SE—J.J. Watt. After Brady, Watt is the next automatic pick to this team. A three-time NFL Defensive Player of the Year, Watt collected 96 sacks in the 112 games he played in the decade. Injuries cut deeply into three of his seasons, limiting him to three games in 2016, five in 2017 and eight in 2019, or he’d have easily been a member of the rare 100-sacks-in-a-decade fraternity. He led the NFL in sacks twice, including 20 ½ in his second season in 2011. When healthy, he’s the best in the game: Five Pro Bowls, five first-team all-pro selections. Remind me again how Watt lasted to the 11th pick of the 2011 draft....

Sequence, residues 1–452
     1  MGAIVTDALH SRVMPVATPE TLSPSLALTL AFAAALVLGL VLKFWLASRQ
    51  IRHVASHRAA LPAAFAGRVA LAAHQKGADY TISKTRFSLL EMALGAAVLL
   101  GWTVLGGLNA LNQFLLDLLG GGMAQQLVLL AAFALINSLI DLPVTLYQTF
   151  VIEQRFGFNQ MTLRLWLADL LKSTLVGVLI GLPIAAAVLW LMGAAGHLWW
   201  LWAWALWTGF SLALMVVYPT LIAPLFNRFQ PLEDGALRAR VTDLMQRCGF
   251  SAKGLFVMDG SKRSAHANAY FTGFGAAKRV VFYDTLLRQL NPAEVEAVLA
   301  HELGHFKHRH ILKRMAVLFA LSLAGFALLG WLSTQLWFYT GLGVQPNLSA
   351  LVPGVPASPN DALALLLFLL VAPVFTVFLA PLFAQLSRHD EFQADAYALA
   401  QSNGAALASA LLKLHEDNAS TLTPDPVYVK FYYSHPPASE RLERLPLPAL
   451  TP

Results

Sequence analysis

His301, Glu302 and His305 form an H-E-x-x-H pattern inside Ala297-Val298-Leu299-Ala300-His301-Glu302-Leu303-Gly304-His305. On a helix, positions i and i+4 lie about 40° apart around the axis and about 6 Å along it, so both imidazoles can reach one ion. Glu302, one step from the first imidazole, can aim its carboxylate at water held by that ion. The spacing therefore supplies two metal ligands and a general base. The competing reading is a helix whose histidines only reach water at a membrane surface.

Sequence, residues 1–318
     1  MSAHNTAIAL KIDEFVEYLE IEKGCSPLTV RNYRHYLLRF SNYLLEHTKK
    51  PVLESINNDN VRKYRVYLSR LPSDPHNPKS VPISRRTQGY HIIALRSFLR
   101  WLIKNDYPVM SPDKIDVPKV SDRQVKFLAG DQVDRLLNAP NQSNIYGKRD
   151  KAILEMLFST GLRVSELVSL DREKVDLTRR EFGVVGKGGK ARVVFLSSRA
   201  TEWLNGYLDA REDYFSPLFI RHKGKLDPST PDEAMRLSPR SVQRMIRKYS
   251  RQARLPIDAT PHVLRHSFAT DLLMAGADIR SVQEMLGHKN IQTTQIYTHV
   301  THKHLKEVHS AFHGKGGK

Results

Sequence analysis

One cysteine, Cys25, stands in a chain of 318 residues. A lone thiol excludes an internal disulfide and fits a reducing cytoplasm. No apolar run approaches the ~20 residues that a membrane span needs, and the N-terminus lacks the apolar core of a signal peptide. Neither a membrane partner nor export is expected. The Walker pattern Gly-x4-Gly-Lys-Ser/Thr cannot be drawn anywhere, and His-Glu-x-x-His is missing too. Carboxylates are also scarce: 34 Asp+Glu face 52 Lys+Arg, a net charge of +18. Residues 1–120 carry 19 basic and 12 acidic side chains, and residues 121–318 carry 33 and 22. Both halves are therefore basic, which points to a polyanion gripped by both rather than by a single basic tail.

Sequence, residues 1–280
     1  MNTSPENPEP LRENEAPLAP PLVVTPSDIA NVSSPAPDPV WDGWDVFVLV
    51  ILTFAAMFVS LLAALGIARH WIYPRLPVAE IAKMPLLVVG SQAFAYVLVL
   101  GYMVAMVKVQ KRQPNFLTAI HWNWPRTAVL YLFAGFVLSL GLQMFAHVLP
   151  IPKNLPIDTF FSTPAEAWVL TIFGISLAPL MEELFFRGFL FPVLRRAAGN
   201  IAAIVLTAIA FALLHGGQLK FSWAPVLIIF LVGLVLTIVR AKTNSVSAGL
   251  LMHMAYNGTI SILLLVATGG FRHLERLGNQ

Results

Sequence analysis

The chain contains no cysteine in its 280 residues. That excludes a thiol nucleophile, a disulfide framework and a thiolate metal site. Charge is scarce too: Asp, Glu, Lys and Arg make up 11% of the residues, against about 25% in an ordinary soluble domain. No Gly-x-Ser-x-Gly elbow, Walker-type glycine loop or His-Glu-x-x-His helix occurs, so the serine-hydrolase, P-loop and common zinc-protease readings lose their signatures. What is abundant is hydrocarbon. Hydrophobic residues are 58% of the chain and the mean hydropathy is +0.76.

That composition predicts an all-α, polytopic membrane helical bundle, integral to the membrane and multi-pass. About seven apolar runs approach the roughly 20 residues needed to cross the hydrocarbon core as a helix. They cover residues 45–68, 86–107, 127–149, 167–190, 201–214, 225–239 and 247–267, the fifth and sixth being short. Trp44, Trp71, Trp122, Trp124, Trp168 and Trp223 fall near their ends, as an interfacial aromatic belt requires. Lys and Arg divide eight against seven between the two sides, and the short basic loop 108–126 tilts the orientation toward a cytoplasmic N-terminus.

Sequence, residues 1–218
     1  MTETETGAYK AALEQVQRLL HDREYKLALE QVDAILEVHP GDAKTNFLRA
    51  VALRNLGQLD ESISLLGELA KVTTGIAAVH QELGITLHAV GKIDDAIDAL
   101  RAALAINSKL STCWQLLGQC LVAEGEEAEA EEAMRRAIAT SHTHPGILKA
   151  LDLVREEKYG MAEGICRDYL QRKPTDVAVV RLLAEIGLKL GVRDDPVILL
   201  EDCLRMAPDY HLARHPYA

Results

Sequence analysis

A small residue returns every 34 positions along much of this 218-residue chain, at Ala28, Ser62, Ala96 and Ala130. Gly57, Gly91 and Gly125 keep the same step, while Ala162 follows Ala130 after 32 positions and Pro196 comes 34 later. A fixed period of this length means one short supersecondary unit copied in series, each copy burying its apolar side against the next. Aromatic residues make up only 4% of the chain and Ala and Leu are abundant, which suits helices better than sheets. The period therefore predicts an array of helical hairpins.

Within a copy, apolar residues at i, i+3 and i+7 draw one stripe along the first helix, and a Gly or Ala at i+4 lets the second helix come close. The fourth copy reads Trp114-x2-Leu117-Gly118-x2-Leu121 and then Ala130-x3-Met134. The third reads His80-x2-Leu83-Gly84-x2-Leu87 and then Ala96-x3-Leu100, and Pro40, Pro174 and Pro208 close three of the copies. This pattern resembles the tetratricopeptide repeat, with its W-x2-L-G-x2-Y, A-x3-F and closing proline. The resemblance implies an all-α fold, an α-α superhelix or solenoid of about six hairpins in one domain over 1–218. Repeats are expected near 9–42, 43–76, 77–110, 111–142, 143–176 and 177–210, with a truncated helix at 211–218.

WE—Khalil Mack. Mack has lined up this decade as both a 4-3 end and 3-4 outside linebacker. But his job description has always been edge rusher. He was named the NFL Defensive Player of the Year in 2016 when he lined up for the Raiders at weakside end, collecting 11 sacks, forcing five fumbles, recovering three and also returning an interception for a touchdown. Mack has registered double-digit sacks in four of his six seasons, including a career-best 15 as an end for the Raiders in 2015 and 12 ½ as an outside backer for the Bears in 2018. Mack has gone to the Pro Bowl each of the last five seasons and is a three-time first-team all-pro. He forced 20 career fumbles and recovered seven of them.